Kitchener mayoral candidates less polarized on supervised injection sites

As a Cambridge mayoral candidate suggests other cities including Kitchener are contributing to the opioid crisis in his city, Kitchener mayoral candidates are also discussing opioids and the related issue of supervised injection sites.

As Cambridge mayoral candidate Ben Tucci says other cities including Kitchener are contributing to the opioid crisis in his city, Kitchener candidates are also discussing opioids and the related issue of supervised injection sites.

"The reality is Kitchener has, for many, many years has been dealing with many of the social issues that the region was faced with, simply by virtue of the fact that we were the largest community in the region," says Kitchener incumbent and mayoral candidate Berry Vrbanovic.

"And as a result, many of the social agencies set themselves up in Kitchener and so we had to deal with a lot of those challenges," he said.

Myron Steinman is also running to be mayor in Kitchener. He has lived in the region for nearly 40 years and has been an advocate for better accessibility. He says he understands the hesitation some people have over an SCS but he believes they will help improve the lives of people in Kitchener.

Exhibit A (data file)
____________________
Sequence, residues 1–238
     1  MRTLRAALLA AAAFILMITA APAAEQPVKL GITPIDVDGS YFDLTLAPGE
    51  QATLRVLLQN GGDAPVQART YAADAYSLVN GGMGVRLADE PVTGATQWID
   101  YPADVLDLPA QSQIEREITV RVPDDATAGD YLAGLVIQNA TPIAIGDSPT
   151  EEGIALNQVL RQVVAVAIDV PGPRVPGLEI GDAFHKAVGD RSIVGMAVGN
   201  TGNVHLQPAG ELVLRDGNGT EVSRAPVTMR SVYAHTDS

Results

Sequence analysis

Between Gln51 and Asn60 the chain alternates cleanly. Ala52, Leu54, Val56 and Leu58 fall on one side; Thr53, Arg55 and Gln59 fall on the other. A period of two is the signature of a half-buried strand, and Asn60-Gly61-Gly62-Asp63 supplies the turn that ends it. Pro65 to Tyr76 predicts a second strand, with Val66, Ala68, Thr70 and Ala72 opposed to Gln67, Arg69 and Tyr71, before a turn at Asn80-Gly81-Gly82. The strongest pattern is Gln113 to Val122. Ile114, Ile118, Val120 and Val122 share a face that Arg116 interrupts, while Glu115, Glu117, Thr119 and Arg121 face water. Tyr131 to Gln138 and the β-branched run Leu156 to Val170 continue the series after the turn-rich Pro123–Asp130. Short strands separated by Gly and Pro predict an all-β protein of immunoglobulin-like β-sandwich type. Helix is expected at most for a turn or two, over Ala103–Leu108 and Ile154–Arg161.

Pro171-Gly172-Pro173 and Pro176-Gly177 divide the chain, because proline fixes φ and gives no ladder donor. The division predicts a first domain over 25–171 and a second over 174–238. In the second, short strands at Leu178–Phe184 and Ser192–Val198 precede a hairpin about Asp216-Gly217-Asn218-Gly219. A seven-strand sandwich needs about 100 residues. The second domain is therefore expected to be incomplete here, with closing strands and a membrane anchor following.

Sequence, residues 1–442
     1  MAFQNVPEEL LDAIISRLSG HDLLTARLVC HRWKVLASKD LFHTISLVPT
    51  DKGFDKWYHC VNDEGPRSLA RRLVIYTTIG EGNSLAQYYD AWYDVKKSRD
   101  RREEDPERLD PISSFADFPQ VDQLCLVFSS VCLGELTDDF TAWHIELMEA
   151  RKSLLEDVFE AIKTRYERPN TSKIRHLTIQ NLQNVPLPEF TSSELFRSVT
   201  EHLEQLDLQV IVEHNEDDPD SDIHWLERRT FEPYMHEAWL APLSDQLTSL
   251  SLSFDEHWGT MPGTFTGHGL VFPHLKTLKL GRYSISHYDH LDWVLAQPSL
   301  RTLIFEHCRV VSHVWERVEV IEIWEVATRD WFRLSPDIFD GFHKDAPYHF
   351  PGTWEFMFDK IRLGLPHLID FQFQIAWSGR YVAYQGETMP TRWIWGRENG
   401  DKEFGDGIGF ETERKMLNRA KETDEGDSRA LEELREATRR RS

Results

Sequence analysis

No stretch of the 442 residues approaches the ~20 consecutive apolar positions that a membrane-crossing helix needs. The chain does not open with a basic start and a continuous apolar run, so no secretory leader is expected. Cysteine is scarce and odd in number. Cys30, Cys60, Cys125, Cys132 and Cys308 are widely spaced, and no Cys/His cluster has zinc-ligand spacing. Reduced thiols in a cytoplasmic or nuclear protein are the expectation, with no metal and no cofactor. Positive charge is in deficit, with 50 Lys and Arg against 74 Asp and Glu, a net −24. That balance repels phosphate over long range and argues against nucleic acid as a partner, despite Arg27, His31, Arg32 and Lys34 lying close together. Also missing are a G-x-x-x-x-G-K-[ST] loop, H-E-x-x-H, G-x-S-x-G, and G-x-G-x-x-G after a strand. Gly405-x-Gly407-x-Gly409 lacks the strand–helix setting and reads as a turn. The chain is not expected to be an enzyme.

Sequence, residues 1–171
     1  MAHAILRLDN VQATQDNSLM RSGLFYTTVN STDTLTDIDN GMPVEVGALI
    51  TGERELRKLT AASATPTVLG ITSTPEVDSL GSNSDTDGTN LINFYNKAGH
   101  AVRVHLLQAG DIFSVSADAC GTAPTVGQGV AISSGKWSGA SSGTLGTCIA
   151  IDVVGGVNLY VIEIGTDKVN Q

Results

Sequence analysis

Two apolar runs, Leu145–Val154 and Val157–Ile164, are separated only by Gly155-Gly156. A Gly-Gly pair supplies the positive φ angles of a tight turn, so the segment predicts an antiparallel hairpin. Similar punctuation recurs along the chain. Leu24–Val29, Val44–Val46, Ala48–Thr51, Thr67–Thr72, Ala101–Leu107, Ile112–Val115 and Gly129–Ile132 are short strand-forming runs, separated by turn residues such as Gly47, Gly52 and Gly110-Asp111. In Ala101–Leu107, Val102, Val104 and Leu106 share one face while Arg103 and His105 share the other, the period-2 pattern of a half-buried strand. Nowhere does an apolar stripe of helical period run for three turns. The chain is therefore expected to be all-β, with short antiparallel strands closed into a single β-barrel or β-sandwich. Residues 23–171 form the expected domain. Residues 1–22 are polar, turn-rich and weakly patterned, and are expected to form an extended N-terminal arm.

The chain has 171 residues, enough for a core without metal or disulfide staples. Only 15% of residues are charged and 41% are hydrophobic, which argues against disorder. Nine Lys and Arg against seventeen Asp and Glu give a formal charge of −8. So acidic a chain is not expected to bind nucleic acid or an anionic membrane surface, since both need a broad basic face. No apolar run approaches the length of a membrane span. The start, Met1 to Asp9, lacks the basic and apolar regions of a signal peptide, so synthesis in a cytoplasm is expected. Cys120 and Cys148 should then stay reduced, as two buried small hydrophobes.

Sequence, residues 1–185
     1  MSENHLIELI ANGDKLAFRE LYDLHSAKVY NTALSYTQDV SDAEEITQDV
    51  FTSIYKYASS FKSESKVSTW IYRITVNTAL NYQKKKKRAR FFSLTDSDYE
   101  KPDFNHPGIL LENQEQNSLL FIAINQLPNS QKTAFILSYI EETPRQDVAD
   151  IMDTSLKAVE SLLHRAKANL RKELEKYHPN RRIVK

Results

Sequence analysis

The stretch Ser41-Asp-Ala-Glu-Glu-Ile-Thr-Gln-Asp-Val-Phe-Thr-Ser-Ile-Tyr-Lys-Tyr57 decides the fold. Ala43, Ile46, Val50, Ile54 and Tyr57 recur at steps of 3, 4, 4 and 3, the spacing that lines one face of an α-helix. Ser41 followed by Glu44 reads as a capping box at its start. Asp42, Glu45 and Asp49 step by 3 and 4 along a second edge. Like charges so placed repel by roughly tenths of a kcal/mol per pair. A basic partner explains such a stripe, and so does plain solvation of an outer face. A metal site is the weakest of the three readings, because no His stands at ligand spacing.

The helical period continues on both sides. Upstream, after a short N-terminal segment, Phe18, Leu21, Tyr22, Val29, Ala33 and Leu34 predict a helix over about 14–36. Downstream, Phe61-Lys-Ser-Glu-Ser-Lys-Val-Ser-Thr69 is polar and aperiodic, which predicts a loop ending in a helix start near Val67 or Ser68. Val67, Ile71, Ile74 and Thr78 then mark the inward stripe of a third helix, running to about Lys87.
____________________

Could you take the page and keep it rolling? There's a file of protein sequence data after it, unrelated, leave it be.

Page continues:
"People are staying away from downtown Kitchener because of people with glassy eyes, people panhandling. Consumption sites would help alleviate that problem, I believe," he said.

Steinman he calls the sites "harm reduction sites" because there is more than just drug use happening at them. There also are services to help people who want to stop using drugs.

He said an SCS should not be in hospitals or in remote areas and needs to go where it will see the most use.

Narine Sookram has lived in Kitchener for more than 25 years and is also seeking the mayor's chair. He works as a job developer in downtown Kitchener. He says he sees and hears the issues surrounding the opioid crisis every day.

"We really have to look at the bigger picture," he said, calling for more consultation on the crisis.

"It is crucial that we really have empathy out of that and be mindful of other people's lives, because a life is a life, but at the same time, I think if we are going to have [an SCS], I think it is important for us to make sure that this is not just a temporary fix."

He also says businesses and neighbourhoods negatively affected by an SCS. He says to him, it's similar to a food bank.

"I've never understand the purpose of a food bank because that's just a temporary fix. My thing is, let's get deeper as to why is we need a food bank in the first place," he said.

When it comes to an SCS, "if we do put one in place, this is something temporary just to have a little bit of a safety control."

Jiri Marek is also a Kitchener mayoral candidate but was unavailable for an interview.

Provincial review

For now, the issue of supervised consumption sites is on hold as the province is reviewing whether to allow new ones to open.

The three candidates agreed the issue isn't just a Kitchener one and it will be up to the next mayor to work with regional council to come up with a solution.

"As our region grows, these issues are finding themselves in other parts of the community as well and Kitchener always has and continues to deal with its challenges in the context of the overall region," Vrbanovic said.